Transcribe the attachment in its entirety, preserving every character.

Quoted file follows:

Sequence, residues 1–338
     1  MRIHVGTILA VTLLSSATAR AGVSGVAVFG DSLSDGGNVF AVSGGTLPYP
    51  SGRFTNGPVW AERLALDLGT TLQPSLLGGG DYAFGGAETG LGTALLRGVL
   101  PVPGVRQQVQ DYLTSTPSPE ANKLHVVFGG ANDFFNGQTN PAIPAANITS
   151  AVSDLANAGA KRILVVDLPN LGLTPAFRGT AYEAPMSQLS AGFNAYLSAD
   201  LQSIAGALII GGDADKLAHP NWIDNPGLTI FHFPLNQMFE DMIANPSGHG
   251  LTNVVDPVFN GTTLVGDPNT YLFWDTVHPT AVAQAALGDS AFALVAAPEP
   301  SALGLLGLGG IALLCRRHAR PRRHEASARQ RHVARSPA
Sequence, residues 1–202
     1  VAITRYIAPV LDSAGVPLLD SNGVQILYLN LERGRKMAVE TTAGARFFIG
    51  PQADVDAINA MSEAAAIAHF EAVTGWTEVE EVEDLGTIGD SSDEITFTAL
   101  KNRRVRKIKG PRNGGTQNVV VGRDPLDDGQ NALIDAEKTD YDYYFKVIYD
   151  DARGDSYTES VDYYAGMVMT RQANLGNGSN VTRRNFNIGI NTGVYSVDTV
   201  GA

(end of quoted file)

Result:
Sequence, residues 1–338
     1  MRIHVGTILA VTLLSSATAR AGVSGVAVFG DSLSDGGNVF AVSGGTLPYP
    51  SGRFTNGPVW AERLALDLGT TLQPSLLGGG DYAFGGAETG LGTALLRGVL
   101  PVPGVRQQVQ DYLTSTPSPE ANKLHVVFGG ANDFFNGQTN PAIPAANITS
   151  AVSDLANAGA KRILVVDLPN LGLTPAFRGT AYEAPMSQLS AGFNAYLSAD
   201  LQSIAGALII GGDADKLAHP NWIDNPGLTI FHFPLNQMFE DMIANPSGHG
   251  LTNVVDPVFN GTTLVGDPNT YLFWDTVHPT AVAQAALGDS AFALVAAPEP
   301  SALGLLGLGG IALLCRRHAR PRRHEASARQ RHVARSPA
Sequence, residues 1–202
     1  VAITRYIAPV LDSAGVPLLD SNGVQILYLN LERGRKMAVE TTAGARFFIG
    51  PQADVDAINA MSEAAAIAHF EAVTGWTEVE EVEDLGTIGD SSDEITFTAL
   101  KNRRVRKIKG PRNGGTQNVV VGRDPLDDGQ NALIDAEKTD YDYYFKVIYD
   151  DARGDSYTES VDYYAGMVMT RQANLGNGSN VTRRNFNIGI NTGVYSVDTV
   201  GA